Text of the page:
River Safety

Ready to Recreate in the Yuba? Think River Safety!

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As the days get hotter, a dip in the Yuba River seems all the more inviting. Here in mid-July, flow levels have tapered off (although you should always check before you go. SYRCL recommends using the Dreamflows site and the Nevada County Go Travel Alert page for up-to-date information) and the water isn’t as shockingly cold as it was at the start of “river season”. But river recreation is different than heading out to a lake or swimming in a pool. A river is a constantly evolving environment. Rocks shift, flows increase and decrease, water temperature fluctuates – a river is dynamic, full of change. It’s important that you think of River Safety.

When recreating at the Yuba, remember to assess the situation and your abilities realistically. If the conditions are treacherous or you feel overwhelmed, it’s best to wait rather than putting yourself at further risk. Stay safe and be prepared by learning basic water safety and survival skills beforehand.   

Know Your Limits

If you do choose to swim in the river, here are some crucial River Safety tips to keep in mind…  


  • Enter the water feet first! Always exercise caution when entering water.  
  • Stay alert when standing to prevent being knocked over by currents.  
  • Swim with a buddy – this is always a smart choice. Look out for each other’s safety.  


  • Enter the water from heights like boulders. It’s safer to find a designated entry point.  
  • Get distracted while supervising others, like reading or using a cell phone.  
  • Drink and swim – alcohol impairs judgment and increases the risk of accidents.  
River Safety

In case you find yourself caught in a rapid:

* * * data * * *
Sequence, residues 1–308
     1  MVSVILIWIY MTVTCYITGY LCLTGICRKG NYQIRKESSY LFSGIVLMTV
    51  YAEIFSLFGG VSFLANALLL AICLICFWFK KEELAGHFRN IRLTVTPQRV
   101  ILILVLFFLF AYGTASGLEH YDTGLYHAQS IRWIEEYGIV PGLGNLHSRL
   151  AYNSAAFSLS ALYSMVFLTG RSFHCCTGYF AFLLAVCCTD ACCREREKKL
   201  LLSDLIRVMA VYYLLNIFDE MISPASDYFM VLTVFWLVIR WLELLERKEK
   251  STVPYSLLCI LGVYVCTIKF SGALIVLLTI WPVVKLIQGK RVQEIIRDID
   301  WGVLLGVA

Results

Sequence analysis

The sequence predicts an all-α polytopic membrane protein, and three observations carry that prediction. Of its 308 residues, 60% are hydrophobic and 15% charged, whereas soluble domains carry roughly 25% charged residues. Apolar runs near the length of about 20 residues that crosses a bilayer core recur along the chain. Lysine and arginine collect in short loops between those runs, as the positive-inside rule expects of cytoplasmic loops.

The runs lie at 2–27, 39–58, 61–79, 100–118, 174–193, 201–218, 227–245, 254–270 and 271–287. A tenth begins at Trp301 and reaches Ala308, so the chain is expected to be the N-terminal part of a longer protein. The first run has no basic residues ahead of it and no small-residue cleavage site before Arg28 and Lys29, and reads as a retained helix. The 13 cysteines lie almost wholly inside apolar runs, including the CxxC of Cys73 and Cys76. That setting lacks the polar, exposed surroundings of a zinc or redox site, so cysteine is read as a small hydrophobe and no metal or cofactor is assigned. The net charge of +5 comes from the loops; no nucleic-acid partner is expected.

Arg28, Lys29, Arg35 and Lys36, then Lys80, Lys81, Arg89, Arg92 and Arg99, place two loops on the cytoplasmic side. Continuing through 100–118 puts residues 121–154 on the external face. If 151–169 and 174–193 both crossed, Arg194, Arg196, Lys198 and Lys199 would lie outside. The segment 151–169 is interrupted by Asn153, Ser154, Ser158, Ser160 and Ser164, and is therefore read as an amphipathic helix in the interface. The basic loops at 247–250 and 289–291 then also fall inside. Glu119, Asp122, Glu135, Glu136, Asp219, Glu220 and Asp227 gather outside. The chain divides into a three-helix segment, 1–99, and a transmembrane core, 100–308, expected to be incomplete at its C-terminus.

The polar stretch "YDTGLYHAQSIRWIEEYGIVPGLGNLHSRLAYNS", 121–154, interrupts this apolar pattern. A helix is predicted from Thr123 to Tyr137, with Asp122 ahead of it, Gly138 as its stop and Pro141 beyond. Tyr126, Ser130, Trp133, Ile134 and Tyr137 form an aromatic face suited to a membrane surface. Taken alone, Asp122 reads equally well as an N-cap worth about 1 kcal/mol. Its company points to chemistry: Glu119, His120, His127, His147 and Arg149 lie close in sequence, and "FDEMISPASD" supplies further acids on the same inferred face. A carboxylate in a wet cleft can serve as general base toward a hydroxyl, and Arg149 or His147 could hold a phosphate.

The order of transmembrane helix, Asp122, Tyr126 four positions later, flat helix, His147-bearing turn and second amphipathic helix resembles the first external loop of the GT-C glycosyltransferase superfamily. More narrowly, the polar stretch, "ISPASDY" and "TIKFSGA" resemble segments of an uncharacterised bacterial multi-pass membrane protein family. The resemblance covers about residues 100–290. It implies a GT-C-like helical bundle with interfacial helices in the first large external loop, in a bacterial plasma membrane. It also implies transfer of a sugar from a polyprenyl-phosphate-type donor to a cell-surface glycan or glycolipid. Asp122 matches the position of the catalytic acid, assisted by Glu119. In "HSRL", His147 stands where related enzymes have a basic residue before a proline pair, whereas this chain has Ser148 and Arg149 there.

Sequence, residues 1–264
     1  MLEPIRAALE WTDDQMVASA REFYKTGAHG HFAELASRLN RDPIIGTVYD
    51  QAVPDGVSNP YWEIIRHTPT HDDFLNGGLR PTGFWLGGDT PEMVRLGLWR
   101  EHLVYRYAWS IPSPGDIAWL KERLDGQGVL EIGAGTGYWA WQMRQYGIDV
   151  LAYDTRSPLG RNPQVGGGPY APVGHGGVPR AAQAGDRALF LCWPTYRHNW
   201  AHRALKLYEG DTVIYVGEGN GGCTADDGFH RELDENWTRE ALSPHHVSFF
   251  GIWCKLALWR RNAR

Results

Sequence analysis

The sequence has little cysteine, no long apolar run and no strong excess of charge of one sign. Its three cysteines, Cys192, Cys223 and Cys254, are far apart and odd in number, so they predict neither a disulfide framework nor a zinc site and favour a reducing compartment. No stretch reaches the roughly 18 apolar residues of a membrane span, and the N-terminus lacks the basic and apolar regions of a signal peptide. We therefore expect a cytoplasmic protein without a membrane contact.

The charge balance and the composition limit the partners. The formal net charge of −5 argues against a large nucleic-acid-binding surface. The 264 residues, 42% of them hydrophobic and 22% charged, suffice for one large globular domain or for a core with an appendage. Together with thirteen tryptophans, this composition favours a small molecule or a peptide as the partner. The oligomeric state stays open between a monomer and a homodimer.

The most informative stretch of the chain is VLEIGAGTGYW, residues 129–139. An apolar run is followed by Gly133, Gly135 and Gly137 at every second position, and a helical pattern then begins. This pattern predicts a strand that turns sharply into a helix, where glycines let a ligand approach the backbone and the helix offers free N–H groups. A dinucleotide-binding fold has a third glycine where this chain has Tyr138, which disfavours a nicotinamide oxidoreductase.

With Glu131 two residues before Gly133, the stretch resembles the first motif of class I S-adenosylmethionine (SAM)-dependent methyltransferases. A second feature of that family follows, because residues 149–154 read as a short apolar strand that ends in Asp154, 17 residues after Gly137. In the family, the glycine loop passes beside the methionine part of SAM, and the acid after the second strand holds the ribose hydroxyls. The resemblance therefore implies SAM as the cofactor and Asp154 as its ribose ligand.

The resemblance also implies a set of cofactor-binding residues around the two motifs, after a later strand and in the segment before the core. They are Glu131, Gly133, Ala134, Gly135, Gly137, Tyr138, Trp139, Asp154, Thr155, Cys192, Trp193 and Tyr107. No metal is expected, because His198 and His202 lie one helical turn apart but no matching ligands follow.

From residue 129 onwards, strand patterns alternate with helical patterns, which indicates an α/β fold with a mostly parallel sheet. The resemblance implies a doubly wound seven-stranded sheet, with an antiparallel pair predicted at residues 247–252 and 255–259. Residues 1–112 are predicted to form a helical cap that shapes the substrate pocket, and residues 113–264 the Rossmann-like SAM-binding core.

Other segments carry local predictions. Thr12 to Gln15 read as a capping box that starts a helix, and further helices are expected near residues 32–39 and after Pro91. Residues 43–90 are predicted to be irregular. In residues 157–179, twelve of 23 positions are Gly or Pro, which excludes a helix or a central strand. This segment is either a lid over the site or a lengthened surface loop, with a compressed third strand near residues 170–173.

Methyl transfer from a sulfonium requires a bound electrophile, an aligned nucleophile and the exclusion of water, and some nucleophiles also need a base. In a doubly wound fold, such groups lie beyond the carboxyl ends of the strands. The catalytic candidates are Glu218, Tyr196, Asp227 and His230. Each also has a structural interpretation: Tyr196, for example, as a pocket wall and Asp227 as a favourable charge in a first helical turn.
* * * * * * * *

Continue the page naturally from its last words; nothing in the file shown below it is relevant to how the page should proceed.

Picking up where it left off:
1. Stay calm: Panicking can impair your judgment, so take a deep breath try and keep calm and focused.
  2. Float on your back with your feet up, like you’re sitting in a Lazy-Boy recliner. Your nose and your toes should be visible.
  3. Never stand up in moving water. Especially in the rocky rapids of the Yuba, there are lots of places where your foot could get caught under a rock, and even knee deep water can trapping you, pushing you underwater.
  4. With your feet up and pointed downstream, use your legs like bumpers to push yourself off of large boulders or other obstacles you encounter. You can also use your arms to help steer you.
  5. Once you’re in a pool and the water has slowed, if you have the strength, roll over onto your stomach and swim towards shore, being extremely careful not to swim into any trees or other obstacles that could trap you.

And always remember to practice good river stewardship so we can protect the Yuba for future generations. 

  • Pack it in/Pack it out 
  • No Glass 
  • Clean Up After Your Dog 
  • No Fires 
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